Malnutrition is one of the foremost socio-economic problems faced by developing countries like Pakistan. It takes place owing to insufficient or imbalanced nourishment and poor sanitary conditions and hygiene practices. It results in poor health and education outcomes and impedes economic growth and human development.
Major nutritional problems in Pakistan are low birth weight due to poor maternal nutrition, protein-energy malnutrition, anaemia, and iodine deficiency. To combat these malnutrition challenges, Pakistan has been part of the global movement of Scaling Up Nutrition (SUN) since 2013.
Sindh is severely affected by intensifying malnutrition and stunting indicators. As many as 48 per cent children under the age of five are stunted while 35pc of them are severely stunted.
The incidence of global acute malnutrition (GAM), a measurement of the nutritional status, in Tharparkar is 22.7pc followed by Sanghar (16pc) and Qamber-Shahdadkot (13.8pc). The situation is worsening despite the Accelerated Action Plan (AAP) on Stunting and Malnutrition that the province has recently adopted. The APP aims to reduce stunting from 48pc to 30pc by 2021 and to 15pc by 2026. It plans to expand the coverage of multi-sector interventions to reduce stunting.
These figures paint a bleak picture of the overall state of nutrition in Sindh. They demonstrate that the issue of undernourishment has received little attention from the government and the media.
Malnutrition is a deep-rooted governance problem. Had the government shown any seriousness, such acute malnutrition conditions would not prevail in many parts of Sindh.
A nationwide multi-sectoral nutrition strategy has been prepared based on similar provincial strategies to address the alarming nutrition crisis. The policy is aligned with Pakistan Vision 2025. In addition, national dietary guidelines for better nutrition have also been prepared to provide nutrition-related information for healthy living to the masses. The food fortification strategy has also been revised to take sustained action for overcoming micronutrient deficiencies.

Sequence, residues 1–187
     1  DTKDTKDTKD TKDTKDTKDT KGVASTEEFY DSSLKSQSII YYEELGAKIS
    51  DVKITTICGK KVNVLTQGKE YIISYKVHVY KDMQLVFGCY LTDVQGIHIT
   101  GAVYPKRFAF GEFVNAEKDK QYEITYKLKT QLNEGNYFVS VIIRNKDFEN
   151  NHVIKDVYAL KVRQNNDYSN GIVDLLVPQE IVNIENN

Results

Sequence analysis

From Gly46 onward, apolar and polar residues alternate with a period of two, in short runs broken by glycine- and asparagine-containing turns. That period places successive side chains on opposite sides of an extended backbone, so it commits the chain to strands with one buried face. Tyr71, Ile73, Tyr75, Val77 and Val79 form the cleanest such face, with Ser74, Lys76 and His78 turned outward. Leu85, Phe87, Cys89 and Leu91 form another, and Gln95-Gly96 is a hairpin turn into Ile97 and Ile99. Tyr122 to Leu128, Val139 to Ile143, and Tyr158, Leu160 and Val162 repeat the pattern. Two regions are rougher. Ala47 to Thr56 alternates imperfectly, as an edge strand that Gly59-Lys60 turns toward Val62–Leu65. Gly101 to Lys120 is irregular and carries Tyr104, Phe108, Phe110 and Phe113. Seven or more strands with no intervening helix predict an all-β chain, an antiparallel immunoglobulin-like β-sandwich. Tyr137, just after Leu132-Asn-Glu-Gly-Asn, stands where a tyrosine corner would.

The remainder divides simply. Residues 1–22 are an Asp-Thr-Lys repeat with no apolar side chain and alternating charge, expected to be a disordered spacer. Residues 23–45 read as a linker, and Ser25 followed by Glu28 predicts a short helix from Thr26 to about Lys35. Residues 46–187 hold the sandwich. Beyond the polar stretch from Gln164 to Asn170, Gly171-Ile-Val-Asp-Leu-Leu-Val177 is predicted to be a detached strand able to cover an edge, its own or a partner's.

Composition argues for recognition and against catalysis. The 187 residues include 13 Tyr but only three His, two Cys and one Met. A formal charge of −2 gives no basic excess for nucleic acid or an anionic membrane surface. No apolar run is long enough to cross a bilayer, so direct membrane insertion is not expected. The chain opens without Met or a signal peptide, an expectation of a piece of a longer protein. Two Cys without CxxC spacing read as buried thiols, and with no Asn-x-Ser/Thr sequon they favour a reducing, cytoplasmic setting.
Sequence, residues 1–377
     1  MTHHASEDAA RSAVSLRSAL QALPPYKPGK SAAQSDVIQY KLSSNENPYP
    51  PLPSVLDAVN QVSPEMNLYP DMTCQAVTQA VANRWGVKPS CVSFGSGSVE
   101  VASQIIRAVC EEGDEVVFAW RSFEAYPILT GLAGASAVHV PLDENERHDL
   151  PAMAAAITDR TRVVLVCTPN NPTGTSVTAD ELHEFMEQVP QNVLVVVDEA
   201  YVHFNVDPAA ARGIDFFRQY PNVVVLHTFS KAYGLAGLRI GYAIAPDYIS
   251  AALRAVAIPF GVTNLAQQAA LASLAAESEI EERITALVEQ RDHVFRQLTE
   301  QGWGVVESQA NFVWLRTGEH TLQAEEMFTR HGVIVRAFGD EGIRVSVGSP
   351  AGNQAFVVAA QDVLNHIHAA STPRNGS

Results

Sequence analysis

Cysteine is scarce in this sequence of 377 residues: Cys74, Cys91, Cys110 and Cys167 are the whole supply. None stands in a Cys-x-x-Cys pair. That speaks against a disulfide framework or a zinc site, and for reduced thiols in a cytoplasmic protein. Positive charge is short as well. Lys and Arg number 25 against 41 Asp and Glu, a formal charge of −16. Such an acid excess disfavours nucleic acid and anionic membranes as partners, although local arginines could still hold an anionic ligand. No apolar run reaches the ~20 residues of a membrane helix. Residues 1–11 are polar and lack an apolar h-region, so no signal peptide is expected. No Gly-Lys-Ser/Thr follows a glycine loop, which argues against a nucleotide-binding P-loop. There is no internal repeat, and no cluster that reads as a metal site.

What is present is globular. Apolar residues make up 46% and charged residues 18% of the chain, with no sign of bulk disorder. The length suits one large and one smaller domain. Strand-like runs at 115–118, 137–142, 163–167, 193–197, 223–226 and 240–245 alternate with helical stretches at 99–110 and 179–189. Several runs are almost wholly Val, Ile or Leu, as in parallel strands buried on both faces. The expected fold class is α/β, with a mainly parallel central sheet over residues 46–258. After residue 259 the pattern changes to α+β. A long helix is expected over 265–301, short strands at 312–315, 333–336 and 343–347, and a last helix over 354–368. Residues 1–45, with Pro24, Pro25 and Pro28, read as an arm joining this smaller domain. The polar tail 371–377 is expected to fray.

Statistics paint a bleak picture of the state of nutrition in Sindh. The issue of undernourishment has received little attention from the government and the media
Moreover, a number of local and international non-governmental organisations are working in the malnutrition-hit areas to improve the lives of the poor. We need to take immediate action to bring strength to the institutions tasked with combating malnutrition. The state should arrange sufficient resources for these institutions to battle this menace.
The government needs to create a sense of ownership among people working for these institutions and improve coordination, networking and communication to mitigate stunting and malnutrition. Workers in the relevant departments should undergo capacity-building and skill development programmes to be able to better serve the public.
A decrease in malnutrition will prevent child deaths, improve the overall health conditions, increase school enrolment ratios, raise wages and curb poverty because well-nourished children break the intergenerational cycle of poverty.
It is a national responsibility of state institutions to fight malnutrition and stunting. They need to bring all stakeholders to a single platform and implement policies by mobilising resources from domestic as well as international sources.
The writer is a socio-economic development professional
Published in Dawn, The Business and Finance Weekly, August 13th, 2018